Dave’s note: Here comes my favorite “tell-it-like-it-is” CEO, Kim Shepherd, with another of her pieces from her experience managing a completely virtual company with over one hundred employees located through the United States and beyond.
By Kim Shepherd
In 2006, I gave a keynote speech at the Newspaper Association of America’s national conference in Chicago. During the speech, I spoke to a group of managers who have seen their revenues shrink by over fifty percent in recent years. I gave them a speed lesson on how the newspaper business can build a new river of cash through channel partnerships.
A Channel partner is a person or a company with a complementary service, who is knocking on the same doors as you, and who is connected. I don’t mean that they are on LinkedIn, attend networking groups, and talk a big game. I mean connected to the degree that when she tells a member of her network to jump, that member says “How high?” Rather than viewing him as a potential competitor, view him as a partner with direct influence over your prospect list.
Isn’t that someone you want on your team?
With a little bit of structure and ingenuity, you can supplement your sales efforts by leveraging channel partnerships. At our company, we have Channel partners who are previous clients, major corporations, and some of the most respected consultants in our space. Compensation doesn’t have to be complicated, either. Just take what you would normally spend on a sales lead, and give that to the Channel partner in the form of a revenue share.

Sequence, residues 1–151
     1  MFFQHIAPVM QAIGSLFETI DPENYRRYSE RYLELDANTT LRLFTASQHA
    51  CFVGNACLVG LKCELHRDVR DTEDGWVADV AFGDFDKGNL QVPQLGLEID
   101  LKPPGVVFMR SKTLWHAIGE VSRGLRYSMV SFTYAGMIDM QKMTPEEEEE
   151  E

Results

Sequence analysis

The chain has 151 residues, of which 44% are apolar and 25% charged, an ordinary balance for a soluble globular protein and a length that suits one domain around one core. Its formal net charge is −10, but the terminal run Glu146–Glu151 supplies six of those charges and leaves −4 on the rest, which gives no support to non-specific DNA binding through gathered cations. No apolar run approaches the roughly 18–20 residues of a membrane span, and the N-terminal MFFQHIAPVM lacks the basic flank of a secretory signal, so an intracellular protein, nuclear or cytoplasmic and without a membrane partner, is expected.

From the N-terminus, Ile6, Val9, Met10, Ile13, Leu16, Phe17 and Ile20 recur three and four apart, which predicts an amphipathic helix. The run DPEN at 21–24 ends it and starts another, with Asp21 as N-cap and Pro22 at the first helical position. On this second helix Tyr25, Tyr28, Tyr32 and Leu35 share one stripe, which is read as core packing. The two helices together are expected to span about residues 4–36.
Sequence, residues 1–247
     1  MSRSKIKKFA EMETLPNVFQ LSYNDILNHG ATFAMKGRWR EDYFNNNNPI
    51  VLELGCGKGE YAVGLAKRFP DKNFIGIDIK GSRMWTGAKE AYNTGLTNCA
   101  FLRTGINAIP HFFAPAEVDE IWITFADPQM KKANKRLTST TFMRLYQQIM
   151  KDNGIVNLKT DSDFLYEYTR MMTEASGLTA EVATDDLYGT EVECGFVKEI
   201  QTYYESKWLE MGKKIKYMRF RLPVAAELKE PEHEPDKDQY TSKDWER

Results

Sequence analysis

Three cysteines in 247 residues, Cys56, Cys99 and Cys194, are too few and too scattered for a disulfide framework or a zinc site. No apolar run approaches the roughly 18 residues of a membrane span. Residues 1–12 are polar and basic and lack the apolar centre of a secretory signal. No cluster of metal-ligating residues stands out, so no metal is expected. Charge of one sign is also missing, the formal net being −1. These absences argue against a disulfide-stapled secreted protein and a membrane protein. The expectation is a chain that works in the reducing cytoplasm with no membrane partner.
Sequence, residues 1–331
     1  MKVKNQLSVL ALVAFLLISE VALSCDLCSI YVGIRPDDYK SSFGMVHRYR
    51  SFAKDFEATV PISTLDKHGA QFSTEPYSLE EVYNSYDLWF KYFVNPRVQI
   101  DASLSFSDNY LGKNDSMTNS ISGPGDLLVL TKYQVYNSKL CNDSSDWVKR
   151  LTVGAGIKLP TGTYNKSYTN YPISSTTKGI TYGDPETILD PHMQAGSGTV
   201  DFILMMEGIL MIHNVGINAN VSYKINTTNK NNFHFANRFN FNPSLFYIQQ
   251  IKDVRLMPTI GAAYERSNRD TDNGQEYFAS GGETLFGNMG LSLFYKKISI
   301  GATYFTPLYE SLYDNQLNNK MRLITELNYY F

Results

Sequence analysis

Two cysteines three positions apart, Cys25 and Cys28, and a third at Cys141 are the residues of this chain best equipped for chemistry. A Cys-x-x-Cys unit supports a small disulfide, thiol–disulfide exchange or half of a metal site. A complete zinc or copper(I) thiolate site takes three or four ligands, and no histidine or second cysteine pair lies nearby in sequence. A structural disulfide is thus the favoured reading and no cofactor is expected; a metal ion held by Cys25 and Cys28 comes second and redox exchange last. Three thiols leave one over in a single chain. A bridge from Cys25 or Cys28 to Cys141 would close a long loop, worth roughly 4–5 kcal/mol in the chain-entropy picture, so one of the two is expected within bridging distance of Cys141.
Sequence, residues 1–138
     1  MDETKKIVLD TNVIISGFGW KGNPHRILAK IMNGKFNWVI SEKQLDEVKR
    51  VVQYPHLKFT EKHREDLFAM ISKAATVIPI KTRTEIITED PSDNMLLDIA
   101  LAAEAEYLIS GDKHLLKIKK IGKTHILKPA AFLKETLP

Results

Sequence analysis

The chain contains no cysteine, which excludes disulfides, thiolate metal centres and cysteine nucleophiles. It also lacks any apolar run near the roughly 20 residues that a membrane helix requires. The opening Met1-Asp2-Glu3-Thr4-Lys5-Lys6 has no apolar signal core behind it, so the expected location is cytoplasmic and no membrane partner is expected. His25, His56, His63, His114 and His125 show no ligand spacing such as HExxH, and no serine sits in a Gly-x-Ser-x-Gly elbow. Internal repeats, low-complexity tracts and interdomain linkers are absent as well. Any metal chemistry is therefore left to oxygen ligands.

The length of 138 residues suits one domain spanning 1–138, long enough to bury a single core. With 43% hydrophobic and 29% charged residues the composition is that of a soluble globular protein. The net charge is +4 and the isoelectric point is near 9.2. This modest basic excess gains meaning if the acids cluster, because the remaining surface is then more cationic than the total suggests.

[Email readers, continue here…] The most important rule is to feel good about any dollars that go to a Channel partner. I remember during one leadership meeting, our Operations Manager brought it to our attention that we were writing $80,000 in Channel partner checks that month and what were we going to do about that? My response was: FANTASTIC! Writing lots of Channel partner checks is the right kind of problem to have—it is not a fixed cost and it means business is coming in. Win–win.
The challenge for the person at the head of this initiative—which is currently my role—is that you have to accept that you will kiss a lot of toads before you meet a prince. Much like any sales organization, you are going to run into three types of people: hunters, gatherers, and vegans. You’re familiar with hunters and gatherers, but when meeting Channel partners, you’ll also run into people who really just want to go out to lunch and talk, go out to dinner and talk, meet for coffee and talk. They have the potential to waste big chunks of my time, so I classify them as “vegans” for being so low in calories. Good Channel partners are hunters with a “protein–rich” diet of connections.
Unfortunately, it is almost impossible to classify a Channel partner until you have some time invested, but I have never felt that any time spent with a potential Channel partner is wasted. Some Channel partners I had flagged as vegans after several lunches and no leads actually turned into “octopuses,” or a “hub” Channel partner who introduced me to eight other potential partners. I take a long–term view to the time I invest, and know that every now and then, I will meet an octopus in an unexpected place.
The final word on Channel partners is in keeping with my overarching message on glue. For a Channel partner to be a long–term asset to your company, wrap them up in your culture as much as possible. At our company, we give our Channel partners customized web portals where they can log on and instantly see their pipeline and upcoming payments. We also invite them to our All–Staff meetings for a dose of the Kool–Aid, as well as our annual holiday networking party for a bigger, more elaborate “thank you.”